Increasingly, employees who have suffered because of workplace bullying may also consider complaints to either the Human Rights Commission under the Human Rights Act 1993 or under the Harassment Act 1997, claiming that they have been the victim of unlawful discrimination.

This has been common for years in the case of sexual harassment and racial discrimination, but now employees are beginning to realise that other forms of harassment, such as the bullying of young male apprentices or young female staff, may also lead to complaints that will leave them liable.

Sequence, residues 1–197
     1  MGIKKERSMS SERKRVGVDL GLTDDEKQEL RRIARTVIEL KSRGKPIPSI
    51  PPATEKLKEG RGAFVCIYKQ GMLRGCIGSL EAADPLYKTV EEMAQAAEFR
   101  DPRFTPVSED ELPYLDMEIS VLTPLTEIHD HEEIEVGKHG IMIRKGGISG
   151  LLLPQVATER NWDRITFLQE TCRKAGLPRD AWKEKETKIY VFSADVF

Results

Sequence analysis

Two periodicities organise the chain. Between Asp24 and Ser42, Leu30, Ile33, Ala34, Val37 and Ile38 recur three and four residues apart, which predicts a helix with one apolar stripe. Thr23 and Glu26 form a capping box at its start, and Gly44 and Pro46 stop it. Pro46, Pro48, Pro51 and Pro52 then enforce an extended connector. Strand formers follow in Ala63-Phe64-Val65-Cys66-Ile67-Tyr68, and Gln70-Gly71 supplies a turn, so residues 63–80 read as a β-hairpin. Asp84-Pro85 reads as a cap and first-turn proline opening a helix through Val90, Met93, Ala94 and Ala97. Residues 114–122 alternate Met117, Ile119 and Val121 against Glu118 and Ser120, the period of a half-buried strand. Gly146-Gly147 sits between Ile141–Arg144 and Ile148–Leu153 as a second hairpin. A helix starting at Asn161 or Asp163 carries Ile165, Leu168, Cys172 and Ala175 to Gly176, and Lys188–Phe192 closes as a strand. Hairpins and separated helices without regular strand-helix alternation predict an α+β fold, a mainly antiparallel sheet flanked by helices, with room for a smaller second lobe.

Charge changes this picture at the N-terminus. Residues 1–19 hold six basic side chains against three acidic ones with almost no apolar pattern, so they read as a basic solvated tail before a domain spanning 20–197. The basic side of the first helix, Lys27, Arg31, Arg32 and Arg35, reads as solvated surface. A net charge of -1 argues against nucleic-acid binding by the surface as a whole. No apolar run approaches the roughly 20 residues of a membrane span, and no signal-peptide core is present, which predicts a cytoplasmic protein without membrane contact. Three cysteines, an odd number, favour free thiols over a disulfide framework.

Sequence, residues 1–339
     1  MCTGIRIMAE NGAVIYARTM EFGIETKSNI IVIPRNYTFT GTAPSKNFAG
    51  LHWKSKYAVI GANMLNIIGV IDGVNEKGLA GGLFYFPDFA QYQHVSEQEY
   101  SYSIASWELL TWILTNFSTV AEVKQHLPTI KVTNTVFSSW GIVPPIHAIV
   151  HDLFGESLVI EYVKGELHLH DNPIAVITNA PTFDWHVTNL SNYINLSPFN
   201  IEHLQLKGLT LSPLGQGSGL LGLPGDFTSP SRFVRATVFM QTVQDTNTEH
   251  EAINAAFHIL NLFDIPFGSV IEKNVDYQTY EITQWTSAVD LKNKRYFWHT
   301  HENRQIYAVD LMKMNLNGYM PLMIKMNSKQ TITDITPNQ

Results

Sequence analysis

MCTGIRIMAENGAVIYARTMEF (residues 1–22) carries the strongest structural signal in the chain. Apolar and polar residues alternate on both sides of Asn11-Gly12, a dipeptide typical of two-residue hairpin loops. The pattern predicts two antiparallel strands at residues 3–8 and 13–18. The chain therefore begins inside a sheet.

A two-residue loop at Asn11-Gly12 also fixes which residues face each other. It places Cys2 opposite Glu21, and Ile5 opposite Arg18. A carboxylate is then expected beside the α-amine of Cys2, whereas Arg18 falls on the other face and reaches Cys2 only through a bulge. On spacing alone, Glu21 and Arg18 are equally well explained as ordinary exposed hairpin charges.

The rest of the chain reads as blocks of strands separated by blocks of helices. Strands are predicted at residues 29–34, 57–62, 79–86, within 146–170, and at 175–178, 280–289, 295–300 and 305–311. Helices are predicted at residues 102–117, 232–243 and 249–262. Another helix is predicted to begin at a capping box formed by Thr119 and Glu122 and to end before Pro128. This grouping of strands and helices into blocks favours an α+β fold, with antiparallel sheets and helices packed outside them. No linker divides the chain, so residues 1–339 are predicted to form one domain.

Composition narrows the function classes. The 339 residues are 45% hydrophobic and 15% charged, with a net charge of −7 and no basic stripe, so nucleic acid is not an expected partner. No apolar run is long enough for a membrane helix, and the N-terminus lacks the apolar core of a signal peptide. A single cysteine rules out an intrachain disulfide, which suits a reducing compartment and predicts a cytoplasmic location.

The Health and Safety in Employment Act 1992 imposes severe penalties against employers including fines of up to $500,000 and/or two years imprisonment where an employer has acted or failed to act knowing that such action or inaction is likely to cause serious harm to any person.

Employers could also be fined up to $250,000 and/or three months imprisonment where a failure to comply with the Act causes a person serious harm.

Of course, damages and legal costs associated with common law claims could be far more financially devastating.

Your ability to demonstrate that you have provided your employees, supervisors and managers with training in this area will be a significant issue in defending any claim.